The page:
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Officer Opinions in Rape Reports Impact Cases, Researchers Find

For a study sponsored by the National Institute of Justice, data scientists applied “machine-learning techniques” to look at nearly two decades’ worth of police reports on rape cases. They found that, in rape cases, officers’ subjective conclusions and opinions, and how they are worded in written reports, may affect key procedural decisions down the line, such as whether to prosecute a rape case.

Those who read reports, the study found, can be “signaled” about the worthiness of a case when they read derisive descriptions of victims such as this one:  (officer) “. . . observed no bruises, contusions on the female nor were her clothes disheveled. At times during the interview, she smirked as if it was funny, but she did show signs that she was in pain or discomfort.”

In the end, the study recommends that law-enforcement agencies should prioritize improved report writing and that officers investigating rape cases should include a narrative provided by the victim that conveys the trauma of rape. Also, researchers emphasized that reports should document as many details about the rape as possible, such as the victim’s fears and thoughts and what they heard, saw, smelled, and tasted. 

The study — conducted by a team of scholars from Case Western University, Cleveland State University, and Texas A&M University — aimed to identify linguistic “signaling” of officers’ views or biases found in their narratives of rape reports. The research team evaluated narratives in more than 5,600 police reports of rape in a large urban jurisdiction from 1993–2011.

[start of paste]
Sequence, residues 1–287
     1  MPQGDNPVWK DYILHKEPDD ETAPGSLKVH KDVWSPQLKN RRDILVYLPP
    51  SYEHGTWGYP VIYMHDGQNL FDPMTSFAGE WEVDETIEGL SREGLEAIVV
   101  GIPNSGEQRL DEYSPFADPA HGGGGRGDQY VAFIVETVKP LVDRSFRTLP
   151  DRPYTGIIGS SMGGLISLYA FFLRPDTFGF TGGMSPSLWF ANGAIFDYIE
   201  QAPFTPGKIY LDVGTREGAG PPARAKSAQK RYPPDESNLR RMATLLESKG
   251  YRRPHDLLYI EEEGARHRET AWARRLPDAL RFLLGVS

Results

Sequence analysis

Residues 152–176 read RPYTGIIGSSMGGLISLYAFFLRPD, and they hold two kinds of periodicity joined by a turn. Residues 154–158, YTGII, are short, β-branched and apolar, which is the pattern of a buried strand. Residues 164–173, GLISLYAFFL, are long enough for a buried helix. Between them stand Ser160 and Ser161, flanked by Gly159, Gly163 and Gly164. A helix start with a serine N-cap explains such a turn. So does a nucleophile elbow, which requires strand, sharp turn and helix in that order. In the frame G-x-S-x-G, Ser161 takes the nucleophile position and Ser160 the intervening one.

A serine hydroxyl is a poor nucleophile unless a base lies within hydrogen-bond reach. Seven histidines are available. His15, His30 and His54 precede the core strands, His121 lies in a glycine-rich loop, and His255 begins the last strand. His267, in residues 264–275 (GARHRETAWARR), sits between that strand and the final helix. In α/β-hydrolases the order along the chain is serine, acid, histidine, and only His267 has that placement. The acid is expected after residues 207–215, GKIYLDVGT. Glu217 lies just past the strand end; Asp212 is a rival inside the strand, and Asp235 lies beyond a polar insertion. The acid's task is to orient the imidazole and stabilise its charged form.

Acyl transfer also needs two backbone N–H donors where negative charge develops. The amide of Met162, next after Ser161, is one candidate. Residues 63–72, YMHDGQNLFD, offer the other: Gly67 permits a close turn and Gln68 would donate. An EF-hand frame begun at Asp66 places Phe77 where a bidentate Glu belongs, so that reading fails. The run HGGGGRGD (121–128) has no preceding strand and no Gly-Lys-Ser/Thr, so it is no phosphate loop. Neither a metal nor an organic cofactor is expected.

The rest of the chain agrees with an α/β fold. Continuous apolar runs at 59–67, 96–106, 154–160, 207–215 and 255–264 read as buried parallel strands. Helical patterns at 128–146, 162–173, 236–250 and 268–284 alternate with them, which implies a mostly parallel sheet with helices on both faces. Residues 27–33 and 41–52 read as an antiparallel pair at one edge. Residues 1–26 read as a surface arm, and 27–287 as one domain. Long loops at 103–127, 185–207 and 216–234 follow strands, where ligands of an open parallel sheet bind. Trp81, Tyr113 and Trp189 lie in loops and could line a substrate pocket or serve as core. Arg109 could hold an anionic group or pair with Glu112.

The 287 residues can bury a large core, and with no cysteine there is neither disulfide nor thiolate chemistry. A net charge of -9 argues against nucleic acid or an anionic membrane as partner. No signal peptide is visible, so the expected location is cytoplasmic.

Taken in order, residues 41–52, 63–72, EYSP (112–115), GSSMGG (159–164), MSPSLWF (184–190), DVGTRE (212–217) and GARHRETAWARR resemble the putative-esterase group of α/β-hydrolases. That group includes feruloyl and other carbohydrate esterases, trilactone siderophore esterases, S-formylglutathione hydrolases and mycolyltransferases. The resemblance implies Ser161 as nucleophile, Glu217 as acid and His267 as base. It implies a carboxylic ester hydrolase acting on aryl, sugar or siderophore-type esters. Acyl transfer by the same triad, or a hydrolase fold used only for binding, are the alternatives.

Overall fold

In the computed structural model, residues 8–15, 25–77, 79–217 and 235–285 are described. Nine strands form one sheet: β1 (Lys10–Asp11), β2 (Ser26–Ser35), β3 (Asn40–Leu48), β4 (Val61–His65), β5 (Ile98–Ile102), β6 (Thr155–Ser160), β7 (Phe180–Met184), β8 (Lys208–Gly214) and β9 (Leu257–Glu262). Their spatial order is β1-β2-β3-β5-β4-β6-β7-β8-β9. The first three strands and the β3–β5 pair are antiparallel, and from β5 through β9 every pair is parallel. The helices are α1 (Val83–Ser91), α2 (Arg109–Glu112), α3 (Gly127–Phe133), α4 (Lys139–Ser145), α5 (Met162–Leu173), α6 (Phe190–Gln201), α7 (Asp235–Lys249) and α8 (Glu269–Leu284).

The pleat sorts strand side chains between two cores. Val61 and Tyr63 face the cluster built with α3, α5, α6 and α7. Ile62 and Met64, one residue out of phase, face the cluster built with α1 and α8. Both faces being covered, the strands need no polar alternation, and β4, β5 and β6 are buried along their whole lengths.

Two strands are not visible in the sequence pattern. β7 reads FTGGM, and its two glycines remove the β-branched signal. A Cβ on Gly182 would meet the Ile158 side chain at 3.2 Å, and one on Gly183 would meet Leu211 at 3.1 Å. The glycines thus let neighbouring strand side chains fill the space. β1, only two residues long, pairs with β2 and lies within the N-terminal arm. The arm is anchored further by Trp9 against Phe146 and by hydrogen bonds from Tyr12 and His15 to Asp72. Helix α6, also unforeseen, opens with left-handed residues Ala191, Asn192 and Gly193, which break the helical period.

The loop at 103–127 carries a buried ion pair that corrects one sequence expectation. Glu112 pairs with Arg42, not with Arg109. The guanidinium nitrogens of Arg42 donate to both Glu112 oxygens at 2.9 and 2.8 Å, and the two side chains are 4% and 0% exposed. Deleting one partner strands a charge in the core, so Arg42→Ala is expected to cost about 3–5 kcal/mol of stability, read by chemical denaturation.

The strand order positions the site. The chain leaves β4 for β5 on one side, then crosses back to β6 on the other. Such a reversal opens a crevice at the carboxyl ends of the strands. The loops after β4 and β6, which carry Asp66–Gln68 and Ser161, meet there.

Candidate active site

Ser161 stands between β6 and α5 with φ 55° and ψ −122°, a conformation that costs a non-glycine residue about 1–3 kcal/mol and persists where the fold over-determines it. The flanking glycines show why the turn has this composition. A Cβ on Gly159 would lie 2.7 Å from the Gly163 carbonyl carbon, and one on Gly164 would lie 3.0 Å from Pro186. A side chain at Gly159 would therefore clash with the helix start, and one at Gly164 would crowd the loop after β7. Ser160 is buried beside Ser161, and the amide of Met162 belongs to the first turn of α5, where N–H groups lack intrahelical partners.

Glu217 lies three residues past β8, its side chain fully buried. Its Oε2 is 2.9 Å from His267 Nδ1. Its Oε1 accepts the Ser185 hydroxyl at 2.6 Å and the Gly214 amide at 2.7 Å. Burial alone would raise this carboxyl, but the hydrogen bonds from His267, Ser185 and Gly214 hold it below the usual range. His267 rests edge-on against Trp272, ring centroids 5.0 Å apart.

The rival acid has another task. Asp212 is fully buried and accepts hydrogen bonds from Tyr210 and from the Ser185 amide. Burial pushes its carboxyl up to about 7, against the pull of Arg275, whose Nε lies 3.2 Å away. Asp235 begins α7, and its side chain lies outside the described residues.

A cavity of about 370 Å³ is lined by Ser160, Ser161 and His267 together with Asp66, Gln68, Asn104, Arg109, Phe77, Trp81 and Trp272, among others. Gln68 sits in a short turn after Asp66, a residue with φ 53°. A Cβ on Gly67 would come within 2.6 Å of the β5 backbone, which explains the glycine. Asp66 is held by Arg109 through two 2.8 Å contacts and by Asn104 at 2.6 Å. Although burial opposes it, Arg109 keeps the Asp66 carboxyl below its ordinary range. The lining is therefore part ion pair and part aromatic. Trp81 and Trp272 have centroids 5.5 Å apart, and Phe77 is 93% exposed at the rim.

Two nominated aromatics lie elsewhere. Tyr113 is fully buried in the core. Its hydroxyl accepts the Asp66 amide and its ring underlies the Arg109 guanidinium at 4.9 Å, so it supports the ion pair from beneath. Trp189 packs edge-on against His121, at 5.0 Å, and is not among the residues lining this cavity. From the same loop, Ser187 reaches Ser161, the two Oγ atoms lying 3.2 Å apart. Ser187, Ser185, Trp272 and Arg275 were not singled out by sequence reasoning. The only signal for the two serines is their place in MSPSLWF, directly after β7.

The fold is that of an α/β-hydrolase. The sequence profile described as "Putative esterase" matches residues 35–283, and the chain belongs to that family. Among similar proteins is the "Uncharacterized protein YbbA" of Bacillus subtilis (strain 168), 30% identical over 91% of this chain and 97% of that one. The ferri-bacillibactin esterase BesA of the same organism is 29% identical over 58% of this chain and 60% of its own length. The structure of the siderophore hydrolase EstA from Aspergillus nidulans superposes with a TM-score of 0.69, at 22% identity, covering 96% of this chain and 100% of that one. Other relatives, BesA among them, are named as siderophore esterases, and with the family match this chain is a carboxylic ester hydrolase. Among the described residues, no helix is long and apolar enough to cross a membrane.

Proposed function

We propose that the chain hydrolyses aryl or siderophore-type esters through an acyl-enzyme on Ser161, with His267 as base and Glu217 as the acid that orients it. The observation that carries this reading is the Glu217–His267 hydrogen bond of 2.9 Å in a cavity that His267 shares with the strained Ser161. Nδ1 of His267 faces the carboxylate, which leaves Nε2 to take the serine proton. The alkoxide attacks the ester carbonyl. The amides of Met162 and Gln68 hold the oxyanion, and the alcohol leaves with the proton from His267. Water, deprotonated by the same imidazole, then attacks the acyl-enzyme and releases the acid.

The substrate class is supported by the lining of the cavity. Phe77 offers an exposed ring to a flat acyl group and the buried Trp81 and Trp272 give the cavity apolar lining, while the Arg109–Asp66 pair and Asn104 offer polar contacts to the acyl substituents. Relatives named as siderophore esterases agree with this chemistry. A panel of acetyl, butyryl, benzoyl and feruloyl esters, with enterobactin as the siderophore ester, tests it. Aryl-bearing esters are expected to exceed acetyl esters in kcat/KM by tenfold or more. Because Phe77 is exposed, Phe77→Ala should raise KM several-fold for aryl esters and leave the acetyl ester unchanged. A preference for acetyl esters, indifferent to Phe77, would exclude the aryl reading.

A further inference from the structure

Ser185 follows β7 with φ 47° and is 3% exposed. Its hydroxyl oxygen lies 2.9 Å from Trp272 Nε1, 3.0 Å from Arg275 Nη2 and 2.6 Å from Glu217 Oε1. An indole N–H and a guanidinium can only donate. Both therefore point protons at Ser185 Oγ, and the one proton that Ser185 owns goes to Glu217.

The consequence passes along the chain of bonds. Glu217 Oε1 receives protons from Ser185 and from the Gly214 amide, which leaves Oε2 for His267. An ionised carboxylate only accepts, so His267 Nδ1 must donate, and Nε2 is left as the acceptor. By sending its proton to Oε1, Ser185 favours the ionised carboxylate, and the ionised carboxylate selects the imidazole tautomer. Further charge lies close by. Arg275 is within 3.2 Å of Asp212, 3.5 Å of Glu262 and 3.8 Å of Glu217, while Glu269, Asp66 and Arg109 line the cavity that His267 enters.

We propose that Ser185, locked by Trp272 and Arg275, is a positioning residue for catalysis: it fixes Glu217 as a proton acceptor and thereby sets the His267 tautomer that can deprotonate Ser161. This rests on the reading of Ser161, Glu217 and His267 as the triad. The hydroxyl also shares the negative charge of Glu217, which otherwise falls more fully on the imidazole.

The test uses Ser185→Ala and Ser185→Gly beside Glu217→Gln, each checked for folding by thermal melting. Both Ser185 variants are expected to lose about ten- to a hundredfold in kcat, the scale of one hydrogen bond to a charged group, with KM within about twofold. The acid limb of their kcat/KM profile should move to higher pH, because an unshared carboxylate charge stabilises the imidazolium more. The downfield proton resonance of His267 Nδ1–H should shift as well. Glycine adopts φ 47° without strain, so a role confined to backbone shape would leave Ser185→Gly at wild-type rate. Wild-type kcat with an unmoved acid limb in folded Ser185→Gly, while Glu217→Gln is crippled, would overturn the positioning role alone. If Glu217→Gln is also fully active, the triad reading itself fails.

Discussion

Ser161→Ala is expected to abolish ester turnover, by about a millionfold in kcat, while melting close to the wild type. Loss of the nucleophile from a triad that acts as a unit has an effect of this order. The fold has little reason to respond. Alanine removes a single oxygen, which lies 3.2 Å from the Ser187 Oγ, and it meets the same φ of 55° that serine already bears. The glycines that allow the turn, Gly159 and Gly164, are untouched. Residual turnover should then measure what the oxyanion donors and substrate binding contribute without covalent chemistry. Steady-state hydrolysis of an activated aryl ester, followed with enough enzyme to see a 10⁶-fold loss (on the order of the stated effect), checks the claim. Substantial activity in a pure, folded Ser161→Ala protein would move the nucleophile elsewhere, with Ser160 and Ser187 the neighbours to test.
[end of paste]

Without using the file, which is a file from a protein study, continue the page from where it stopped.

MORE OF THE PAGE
Overall, the reports did not contain high levels of sentiment. But the study found that longer, more detailed police reports were highly predictive of more investigative activity and successful case outcomes such as convictions and that the rape cases with the most successful prosecution outcomes tended to have significant positive officer sentiment and subjectivity in the police incident reports compared to reports with negative or neutral (non-significant) officer sentiment. Researchers found that Black victims tended to be subjects of police reports with fewer words and with words that were more negative or subjective compared to reports on non-Black victims, almost all of whom were white.


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A daily report co-sponsored by Arizona State University, Criminal Justice Journalists, and the National Criminal Justice Association

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